ANTI-MORTEM

Formed in 2008 and fronted by vocalist Larado Romo, ANTI-MORTEM’s line-up includes older brother-guitarist Nevada Romo, guitarist Zain Smith, bassist Corey Henderson and drummer Levi Dickerson. With over 300 shows to their name, these Chickasha, Oklahoma natives (aged between 18 & 22) spent their formative nights and weekends woodshedding their sound on the concert stage they built themselves in the Smith family barn (originally intended to store an old car collection).
While Zain’s parents were away working on the weekends, ANTI-MORTEM would turn their barn rehearsal space into a makeshift venue and hone their chops by inviting friends and family in Chickasha over for an afternoon of gravel-throated vocals, crunch-laden riffs, thick grooves, and some good ol’-fashioned Southern hospitality.
Nuclear Blast Entertainment President Monte Conner states: “ANTI-MORTEM connect with a fist-to-the-face, combining the power of American heavy metal and the down-home flavor of the classic Southern rock and blues they were raised on. I’ve been watching them develop for the past two years and they are now ready to show the world how a good ass-kicking is delivered.”

"We are beyond pumped to be signing with Nuclear Blast Entertainment and to have Monte Conner in our corner,” shares ANTI-MORTEM vocalist Larado Romo. “We are looking forward to a very long worldwide career with Nuclear Blast and are excited to finally have the opportunity to spread our music and message."

For »New Southern«, ANTI-MORTEM worked with veteran producer Bob Marlette (SHINEDOWN, SEETHER, BLACK STONE CHERRY), who helped them to channel their varied influences and inspirations into a cohesive and seamless mix. Incredibly prolific, to date they have penned a whopping 100 songs as a band, and come up with a new song or a new riff every week. "We have so many writers in our band and we all have different tastes," Romo says. "Me and [guitarist] Zain [Smith] will write a song that's pretty metal, and then all three of us write a song that is like southern metal or like it was from the '70s. None of us have ego about writing. We don't question if it's soft or heavy. If one of us says, 'I believe in this riff,' then it becomes, 'Let's write an ANTI-MORTEM song around it.'"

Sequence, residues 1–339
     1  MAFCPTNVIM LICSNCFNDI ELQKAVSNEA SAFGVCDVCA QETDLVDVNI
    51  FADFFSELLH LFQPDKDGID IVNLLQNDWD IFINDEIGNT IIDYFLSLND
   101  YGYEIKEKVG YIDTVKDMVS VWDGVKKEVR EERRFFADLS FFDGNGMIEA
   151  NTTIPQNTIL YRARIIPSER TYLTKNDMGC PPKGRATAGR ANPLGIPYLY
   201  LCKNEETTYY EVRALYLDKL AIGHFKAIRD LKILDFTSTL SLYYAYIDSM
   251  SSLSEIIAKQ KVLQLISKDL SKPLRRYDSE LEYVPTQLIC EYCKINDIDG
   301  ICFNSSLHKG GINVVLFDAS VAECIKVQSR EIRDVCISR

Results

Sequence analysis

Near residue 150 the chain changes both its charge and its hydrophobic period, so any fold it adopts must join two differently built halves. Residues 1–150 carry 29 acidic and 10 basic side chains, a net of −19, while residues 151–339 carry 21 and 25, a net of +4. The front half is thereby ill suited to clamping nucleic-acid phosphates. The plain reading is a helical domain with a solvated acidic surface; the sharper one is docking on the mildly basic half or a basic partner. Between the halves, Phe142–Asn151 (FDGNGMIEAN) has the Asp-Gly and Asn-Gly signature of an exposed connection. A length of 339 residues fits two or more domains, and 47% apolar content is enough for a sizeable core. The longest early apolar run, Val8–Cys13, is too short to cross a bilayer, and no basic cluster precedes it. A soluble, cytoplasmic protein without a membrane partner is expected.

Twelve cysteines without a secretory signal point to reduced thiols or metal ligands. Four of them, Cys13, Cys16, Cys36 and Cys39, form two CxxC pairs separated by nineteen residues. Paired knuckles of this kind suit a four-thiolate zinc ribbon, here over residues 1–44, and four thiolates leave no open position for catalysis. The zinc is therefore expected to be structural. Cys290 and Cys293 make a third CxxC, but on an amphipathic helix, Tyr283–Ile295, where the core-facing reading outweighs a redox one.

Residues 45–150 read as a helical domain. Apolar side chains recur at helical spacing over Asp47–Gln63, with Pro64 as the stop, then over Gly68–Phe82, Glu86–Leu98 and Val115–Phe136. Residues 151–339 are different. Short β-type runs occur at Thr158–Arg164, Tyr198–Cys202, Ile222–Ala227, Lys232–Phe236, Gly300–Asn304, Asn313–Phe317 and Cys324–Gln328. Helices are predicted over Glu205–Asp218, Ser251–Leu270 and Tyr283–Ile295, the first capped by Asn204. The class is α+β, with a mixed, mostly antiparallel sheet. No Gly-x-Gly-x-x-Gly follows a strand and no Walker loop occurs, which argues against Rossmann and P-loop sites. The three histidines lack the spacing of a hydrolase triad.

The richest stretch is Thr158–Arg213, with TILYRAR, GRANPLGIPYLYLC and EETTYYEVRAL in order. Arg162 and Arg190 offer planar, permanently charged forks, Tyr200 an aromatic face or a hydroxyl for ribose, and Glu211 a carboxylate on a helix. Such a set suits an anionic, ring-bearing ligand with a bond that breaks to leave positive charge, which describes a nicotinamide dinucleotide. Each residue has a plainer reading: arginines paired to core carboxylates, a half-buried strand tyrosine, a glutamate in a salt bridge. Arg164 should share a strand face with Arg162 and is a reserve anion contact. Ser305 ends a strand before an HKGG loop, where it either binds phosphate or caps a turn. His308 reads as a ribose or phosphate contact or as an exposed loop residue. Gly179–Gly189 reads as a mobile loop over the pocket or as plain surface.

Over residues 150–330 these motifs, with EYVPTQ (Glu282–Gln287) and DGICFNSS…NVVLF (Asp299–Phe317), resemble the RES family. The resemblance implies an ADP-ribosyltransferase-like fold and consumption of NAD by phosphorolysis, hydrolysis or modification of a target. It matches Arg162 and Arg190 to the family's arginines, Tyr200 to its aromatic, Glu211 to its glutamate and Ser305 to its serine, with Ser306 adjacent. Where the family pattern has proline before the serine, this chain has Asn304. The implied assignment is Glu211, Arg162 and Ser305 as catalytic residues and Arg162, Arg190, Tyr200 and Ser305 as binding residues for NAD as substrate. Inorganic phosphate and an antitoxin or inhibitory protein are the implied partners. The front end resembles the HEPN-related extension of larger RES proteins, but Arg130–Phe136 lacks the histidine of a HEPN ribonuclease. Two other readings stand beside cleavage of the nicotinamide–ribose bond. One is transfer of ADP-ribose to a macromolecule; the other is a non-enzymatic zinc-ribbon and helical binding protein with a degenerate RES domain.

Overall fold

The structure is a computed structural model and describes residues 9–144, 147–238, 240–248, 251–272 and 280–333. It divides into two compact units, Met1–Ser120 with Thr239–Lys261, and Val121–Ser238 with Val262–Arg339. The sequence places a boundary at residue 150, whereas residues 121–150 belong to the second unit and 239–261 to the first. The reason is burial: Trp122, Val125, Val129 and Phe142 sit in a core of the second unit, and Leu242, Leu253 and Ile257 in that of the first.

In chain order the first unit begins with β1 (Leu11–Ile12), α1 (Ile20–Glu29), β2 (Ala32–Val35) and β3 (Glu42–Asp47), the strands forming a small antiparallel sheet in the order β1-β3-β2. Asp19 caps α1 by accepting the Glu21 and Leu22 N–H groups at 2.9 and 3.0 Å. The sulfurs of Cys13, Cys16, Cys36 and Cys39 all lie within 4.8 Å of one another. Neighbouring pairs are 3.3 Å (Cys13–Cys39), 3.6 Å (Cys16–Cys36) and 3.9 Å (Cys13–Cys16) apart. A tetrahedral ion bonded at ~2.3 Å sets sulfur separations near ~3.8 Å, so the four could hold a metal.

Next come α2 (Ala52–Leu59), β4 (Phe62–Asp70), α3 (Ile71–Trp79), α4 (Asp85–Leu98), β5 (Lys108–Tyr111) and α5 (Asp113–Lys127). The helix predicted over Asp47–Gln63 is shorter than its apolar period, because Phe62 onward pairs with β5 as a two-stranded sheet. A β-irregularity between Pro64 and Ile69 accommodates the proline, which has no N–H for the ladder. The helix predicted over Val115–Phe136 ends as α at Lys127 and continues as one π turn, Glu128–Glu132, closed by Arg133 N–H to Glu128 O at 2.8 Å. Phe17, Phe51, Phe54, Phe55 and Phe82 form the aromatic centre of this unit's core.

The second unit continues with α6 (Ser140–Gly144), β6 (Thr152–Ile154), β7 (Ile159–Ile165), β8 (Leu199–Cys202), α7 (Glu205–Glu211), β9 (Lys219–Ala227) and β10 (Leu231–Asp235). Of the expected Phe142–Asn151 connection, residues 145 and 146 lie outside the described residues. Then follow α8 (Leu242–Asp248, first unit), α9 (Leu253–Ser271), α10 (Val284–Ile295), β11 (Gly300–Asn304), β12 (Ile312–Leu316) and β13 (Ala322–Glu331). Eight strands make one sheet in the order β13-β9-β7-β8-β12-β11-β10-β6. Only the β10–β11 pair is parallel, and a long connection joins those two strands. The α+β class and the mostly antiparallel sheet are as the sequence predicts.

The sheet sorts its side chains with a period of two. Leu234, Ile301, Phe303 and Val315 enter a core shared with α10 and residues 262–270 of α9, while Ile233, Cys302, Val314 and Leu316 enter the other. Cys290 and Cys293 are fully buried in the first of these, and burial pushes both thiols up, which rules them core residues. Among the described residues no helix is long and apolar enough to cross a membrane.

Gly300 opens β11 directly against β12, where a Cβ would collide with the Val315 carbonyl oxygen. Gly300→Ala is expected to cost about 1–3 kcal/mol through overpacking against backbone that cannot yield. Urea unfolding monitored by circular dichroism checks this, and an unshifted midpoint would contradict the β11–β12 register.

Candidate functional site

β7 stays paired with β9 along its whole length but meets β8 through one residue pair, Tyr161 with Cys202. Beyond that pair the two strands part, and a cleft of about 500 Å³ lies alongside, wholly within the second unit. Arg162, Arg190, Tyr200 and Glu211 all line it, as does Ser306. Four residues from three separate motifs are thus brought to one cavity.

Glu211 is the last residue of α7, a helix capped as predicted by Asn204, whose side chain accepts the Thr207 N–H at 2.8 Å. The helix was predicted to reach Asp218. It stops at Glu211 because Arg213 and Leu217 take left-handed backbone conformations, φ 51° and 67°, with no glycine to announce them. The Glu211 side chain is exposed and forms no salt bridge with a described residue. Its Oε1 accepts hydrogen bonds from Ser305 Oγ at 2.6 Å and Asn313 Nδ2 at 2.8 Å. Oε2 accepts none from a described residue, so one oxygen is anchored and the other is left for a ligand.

Smith clarifies, "It's not that anyone doesn't like the same style. I listen to the most brutal metal, which the other guys might not get into. We just don't limit ourselves."

Once you get through a full listen to »New Southern«, you will find yourself not believing that musicians as young as the members of ANTI-MORTEM could craft such a solid album. They play with the skill of seasoned vets, yet they have the fire in their bellies that defines up-and-coming bands determined to make a go of it and to be heard.

While ANTI-MORTEM are confident that they are armed with an arsenal of heavy-as-balls songs, live is the band's most natural state and where they truly blossom and come to life. On stage, they adopt a laser-like focus -- no one else exists but ANTI-MORTEM in that moment! Their goal: to lay waste to stages and win fans over in the live realm. "You may hear it and think it's good," Romo says about the album, conceding that the stage is where ANTI-MORTEM are truly in their element. “But when you see us live, you will be crushed. We don’t want you to just listen to the album. Fuck the album. Come see us live."

Smith concurs, "Our goal is to get out there and play better than anyone else. It's not a competition. But we want to get out there and crush. You have to have that attitude that you are the best and look like it. We keep that mindset. When we get on stage, we think we are the baddest band in the world."

The other goal that ANTI-MORTEM have is to inspire people to recall, revere and respect the power of the riff and the guitar. "We want to inspire people to pick up guitars," adds Smith.



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